This article originally appeared on The Div-Net on January 19, 2012
Philip Morris International Inc. (PM) is one of my favorite dividend stocks. It manufactures and sells an addictive product (cigarettes) with exceptional margins. It does business everywhere but the United States, which is where the domestic company Altria Group (MO) does business. This provides them with great exposure to emerging markets whose discretionary income is only set to rise over the next couple decades.
Recent weakness in PM shares may provide a long-term investor a nice opportunity. It is down 5.25% over the last trading week, and down 3.48% today. This appears to mostly be due to some analyst downgrades amid reduced EPS expectations. I think if you look out over the next 10-20 years, PM will be a strong performer. It currently yields 4.20%, and pays a quarterly dividend of $0.77 per share. The debt load is a little concerning, but the strong cash flow provides PM ample opportunity to keep debt in check while still continuing to raise the dividend.
Philip Morris International is the world’s second-largest tobacco company, behind only China National Tobacco, and holds almost 16% of the non-U.S. market. The firm owns seven of the leading 15 international brands, including Marlboro, the company’s flagship brand that accounted for more than one third of total volume in 2010. Other key brands include L&M, Philip Morris, Bond Street, Chesterfield, Parliament, and Lark.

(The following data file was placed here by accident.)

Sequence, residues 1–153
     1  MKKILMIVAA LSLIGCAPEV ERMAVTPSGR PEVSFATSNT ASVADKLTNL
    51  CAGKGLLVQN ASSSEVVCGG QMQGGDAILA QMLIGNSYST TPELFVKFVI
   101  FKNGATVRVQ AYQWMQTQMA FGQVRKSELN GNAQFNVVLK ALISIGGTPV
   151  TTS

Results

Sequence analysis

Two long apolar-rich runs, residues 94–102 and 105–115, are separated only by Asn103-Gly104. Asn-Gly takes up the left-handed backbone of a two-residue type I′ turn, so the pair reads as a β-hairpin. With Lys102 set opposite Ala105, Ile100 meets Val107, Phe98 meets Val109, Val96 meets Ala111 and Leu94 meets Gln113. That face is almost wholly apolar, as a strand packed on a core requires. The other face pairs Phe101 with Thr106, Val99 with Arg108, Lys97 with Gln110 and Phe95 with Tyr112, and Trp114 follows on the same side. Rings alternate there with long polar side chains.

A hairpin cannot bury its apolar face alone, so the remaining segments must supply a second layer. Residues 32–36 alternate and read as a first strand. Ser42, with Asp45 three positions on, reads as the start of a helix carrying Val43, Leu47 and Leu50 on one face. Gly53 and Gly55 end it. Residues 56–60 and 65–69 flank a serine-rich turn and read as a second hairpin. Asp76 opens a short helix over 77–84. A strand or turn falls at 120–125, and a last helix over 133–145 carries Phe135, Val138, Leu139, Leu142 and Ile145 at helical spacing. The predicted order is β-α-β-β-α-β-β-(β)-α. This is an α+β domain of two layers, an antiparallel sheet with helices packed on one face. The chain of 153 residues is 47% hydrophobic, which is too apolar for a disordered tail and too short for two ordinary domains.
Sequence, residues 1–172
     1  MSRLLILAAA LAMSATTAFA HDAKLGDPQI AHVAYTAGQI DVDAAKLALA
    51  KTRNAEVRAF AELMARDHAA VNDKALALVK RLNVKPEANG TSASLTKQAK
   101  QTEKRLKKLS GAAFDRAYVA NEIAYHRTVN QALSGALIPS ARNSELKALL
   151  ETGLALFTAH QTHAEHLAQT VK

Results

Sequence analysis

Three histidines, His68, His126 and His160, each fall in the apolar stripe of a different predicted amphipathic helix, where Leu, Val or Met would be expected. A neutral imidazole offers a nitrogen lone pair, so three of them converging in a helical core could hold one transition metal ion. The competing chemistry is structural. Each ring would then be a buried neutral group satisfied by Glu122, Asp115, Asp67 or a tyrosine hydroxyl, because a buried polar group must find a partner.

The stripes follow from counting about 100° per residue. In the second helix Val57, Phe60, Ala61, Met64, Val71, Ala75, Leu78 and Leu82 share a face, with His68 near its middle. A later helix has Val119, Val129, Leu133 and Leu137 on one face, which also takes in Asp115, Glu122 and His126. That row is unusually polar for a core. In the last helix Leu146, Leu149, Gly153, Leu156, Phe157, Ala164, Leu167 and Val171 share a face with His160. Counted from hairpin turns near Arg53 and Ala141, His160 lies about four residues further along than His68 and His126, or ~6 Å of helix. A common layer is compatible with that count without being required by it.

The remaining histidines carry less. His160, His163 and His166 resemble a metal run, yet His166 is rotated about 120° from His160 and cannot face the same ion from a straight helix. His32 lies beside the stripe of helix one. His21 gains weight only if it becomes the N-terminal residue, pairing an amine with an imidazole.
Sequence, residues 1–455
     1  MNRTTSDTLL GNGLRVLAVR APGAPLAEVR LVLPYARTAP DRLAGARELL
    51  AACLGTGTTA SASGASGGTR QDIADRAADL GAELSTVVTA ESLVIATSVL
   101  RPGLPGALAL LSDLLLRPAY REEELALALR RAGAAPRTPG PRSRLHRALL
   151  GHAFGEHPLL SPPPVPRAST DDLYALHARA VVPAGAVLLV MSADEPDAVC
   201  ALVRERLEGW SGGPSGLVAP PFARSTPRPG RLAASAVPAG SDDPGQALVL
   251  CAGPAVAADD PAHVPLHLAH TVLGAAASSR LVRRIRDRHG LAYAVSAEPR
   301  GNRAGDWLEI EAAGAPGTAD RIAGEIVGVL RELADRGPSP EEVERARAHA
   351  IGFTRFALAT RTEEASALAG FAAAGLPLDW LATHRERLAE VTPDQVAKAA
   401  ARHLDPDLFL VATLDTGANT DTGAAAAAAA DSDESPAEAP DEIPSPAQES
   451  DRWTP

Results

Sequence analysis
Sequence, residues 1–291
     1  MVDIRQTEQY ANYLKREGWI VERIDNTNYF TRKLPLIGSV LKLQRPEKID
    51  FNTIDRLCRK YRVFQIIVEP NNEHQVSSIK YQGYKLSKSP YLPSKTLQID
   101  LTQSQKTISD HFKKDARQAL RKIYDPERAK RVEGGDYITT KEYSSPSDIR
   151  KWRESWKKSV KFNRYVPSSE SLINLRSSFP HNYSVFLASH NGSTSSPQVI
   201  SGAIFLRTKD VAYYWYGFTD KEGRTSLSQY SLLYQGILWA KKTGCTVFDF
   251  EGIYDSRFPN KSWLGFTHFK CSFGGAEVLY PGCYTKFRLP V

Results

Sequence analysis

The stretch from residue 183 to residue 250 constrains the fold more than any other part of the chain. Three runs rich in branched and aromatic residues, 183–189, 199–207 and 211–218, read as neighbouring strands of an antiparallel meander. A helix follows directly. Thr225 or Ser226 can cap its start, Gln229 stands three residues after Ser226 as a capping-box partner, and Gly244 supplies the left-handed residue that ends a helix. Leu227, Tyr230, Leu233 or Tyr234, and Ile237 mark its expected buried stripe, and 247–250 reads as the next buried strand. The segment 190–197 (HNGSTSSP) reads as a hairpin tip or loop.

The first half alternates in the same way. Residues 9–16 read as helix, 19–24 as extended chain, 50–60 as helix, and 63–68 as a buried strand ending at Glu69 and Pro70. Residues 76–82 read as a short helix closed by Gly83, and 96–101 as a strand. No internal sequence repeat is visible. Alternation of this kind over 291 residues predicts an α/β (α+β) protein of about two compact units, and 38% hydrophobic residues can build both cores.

I think the recent weakness in PM offers a long-term investor plenty of opportunity to initiate or add to an existing position. The current payout ratio is 65%, which is comfortable with the cash flow this company has. PM will likely continue to raise the dividend for years to come, after being split from MO in 2008. MO has a long history of raising its dividend, with a 43-year record of raising the dividend. The current P/E ratio for PM is 15.49 and has a debt/equity ratio of 6.0.
What about you? Buying PM on the dips?
Full Disclosure: Long PM.
Thanks for reading.
Photo Credit: PMI